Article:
Philippa Riste looks at two books which focus on what children can do in gardens.

Kids in the Garden is a lovely gift for children or a useful addition for a teacher in charge of a school garden; this is a fantastic book for kids aged 6 and above, from which even experienced adult gardeners can learn a thing or two! The ratio of photos and illustrations to clear and simple text makes the book accessible and appealing, and the section at the beginning of the book on how plants work is perfectly pitched for a young reader. The introduction also contains some brilliant eco-friendly suggestions for natural fertilisers – including your own hair and stinky nettle soup – and types of mulch, and is followed by step-by-step fun guides on how to grow and care for different vegetables and fruit, and then by child friendly recipes using what has been grown. The book is punctuated with jokes, quiz questions, and interesting facts and is, overall, a brilliant introduction to food production and plant science. A brilliant find!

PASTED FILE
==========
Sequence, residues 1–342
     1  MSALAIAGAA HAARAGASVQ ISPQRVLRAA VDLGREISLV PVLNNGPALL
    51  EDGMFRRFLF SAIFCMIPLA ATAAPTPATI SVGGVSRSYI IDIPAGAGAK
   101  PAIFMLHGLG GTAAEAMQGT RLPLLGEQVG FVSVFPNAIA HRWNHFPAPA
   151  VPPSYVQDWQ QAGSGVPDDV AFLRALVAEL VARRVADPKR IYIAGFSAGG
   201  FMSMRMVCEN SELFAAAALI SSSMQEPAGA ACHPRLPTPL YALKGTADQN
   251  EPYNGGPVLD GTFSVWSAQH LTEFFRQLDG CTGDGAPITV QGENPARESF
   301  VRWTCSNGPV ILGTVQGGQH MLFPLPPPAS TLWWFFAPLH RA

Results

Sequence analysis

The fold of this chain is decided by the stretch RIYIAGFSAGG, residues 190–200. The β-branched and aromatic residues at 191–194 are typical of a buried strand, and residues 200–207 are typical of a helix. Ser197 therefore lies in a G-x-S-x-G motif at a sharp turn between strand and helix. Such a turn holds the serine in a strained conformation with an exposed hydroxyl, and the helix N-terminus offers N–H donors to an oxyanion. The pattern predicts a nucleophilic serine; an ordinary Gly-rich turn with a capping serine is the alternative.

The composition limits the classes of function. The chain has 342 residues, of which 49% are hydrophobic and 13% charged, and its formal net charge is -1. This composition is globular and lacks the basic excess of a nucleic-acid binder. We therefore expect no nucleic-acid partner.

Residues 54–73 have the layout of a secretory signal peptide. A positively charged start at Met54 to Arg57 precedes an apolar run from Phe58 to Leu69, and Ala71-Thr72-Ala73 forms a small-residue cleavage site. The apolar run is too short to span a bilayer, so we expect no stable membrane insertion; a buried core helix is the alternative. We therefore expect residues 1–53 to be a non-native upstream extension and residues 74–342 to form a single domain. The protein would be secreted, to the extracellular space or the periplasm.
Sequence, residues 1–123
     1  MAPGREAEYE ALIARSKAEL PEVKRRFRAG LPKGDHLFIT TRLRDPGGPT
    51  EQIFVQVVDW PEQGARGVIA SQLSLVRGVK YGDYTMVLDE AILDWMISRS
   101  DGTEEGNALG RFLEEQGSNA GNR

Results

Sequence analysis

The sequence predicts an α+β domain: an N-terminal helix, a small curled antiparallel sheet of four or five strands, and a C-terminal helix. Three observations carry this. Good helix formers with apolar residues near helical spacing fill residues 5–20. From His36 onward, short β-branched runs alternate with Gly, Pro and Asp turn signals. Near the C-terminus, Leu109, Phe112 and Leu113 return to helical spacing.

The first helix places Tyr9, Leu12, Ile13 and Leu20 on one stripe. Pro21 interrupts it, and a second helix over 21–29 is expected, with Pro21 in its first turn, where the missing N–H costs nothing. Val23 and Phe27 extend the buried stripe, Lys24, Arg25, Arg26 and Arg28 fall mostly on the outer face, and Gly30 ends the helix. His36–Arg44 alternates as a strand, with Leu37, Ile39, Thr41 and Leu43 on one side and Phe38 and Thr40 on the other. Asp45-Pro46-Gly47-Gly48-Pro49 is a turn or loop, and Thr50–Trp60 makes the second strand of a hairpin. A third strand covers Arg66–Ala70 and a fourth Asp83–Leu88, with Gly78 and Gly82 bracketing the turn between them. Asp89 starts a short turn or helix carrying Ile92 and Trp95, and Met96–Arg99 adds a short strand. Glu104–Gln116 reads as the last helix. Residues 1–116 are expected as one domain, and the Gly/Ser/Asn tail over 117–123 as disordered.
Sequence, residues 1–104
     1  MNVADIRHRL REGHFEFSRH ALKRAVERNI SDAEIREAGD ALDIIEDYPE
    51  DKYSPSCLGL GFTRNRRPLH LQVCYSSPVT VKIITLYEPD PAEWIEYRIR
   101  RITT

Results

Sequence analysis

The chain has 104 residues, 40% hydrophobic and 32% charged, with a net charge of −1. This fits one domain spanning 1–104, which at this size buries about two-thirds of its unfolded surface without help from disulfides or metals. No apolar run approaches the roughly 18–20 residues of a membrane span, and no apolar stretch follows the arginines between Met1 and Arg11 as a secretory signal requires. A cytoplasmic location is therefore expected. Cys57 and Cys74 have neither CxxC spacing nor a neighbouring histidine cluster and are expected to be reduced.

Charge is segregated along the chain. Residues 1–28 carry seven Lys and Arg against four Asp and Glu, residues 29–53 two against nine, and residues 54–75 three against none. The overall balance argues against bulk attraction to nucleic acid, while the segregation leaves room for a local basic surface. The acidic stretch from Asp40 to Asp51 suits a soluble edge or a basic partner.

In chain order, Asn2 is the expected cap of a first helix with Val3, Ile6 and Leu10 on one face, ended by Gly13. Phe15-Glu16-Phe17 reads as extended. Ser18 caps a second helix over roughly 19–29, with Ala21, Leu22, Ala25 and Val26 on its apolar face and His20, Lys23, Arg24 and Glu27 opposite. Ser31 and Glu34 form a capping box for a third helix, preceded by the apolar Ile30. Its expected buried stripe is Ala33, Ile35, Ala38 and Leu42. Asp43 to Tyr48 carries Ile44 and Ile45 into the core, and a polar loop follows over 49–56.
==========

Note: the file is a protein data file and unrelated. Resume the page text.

Gardening Projects for Kids is a book full of planting and gardening ideas to suit children aged between 5 and 12.  The layout and font size as well as the plentiful photographs are designed to capture the attention of children themselves.  The short introduction includes information on soil, tools and safety in the garden, and the remainder of the book comprises over 60 fun and innovative projects, from planting a chocolate scented garden and growing tomatoes or strawberries in hanging baskets – ideal for a school with limited space – to craft ideas like making a bird hide from a cardboard box or a feeder with red ribbons to attract butterflies.  A useful book for parents or early years teachers to use with younger children, or for older children to experiment with on their own.

Kids in the Garden Elizabeth McCorquodale; ISBN: 978-1906155926; Black Dog Publishing, 2010; pp 95; £9.95

Gardening Projects for Kids Jenny Hendy; ISBN: 978-1-78019-019-8; Southwater, 2011; pp 128; £8.99